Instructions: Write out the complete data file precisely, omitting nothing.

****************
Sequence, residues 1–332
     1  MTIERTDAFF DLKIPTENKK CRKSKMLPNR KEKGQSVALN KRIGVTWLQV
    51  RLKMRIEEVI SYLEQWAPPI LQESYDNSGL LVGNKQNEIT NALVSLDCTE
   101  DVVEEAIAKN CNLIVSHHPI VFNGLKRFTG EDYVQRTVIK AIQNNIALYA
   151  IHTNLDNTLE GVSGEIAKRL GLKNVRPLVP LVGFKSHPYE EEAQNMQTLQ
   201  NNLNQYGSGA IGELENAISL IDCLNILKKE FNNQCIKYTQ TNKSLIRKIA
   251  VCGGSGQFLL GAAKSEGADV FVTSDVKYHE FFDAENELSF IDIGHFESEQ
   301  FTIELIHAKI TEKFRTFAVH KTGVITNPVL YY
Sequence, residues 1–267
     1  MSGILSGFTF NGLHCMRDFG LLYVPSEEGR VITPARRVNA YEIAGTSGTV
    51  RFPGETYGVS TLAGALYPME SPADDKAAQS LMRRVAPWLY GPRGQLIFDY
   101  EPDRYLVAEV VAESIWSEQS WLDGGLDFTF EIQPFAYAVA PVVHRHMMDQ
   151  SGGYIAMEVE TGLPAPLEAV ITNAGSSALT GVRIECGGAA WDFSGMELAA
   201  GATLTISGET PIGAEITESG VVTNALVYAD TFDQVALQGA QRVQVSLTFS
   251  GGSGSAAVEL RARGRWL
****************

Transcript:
Sequence, residues 1–332
     1  MTIERTDAFF DLKIPTENKK CRKSKMLPNR KEKGQSVALN KRIGVTWLQV
    51  RLKMRIEEVI SYLEQWAPPI LQESYDNSGL LVGNKQNEIT NALVSLDCTE
   101  DVVEEAIAKN CNLIVSHHPI VFNGLKRFTG EDYVQRTVIK AIQNNIALYA
   151  IHTNLDNTLE GVSGEIAKRL GLKNVRPLVP LVGFKSHPYE EEAQNMQTLQ
   201  NNLNQYGSGA IGELENAISL IDCLNILKKE FNNQCIKYTQ TNKSLIRKIA
   251  VCGGSGQFLL GAAKSEGADV FVTSDVKYHE FFDAENELSF IDIGHFESEQ
   301  FTIELIHAKI TEKFRTFAVH KTGVITNPVL YY
Sequence, residues 1–267
     1  MSGILSGFTF NGLHCMRDFG LLYVPSEEGR VITPARRVNA YEIAGTSGTV
    51  RFPGETYGVS TLAGALYPME SPADDKAAQS LMRRVAPWLY GPRGQLIFDY
   101  EPDRYLVAEV VAESIWSEQS WLDGGLDFTF EIQPFAYAVA PVVHRHMMDQ
   151  SGGYIAMEVE TGLPAPLEAV ITNAGSSALT GVRIECGGAA WDFSGMELAA
   201  GATLTISGET PIGAEITESG VVTNALVYAD TFDQVALQGA QRVQVSLTFS
   251  GGSGSAAVEL RARGRWL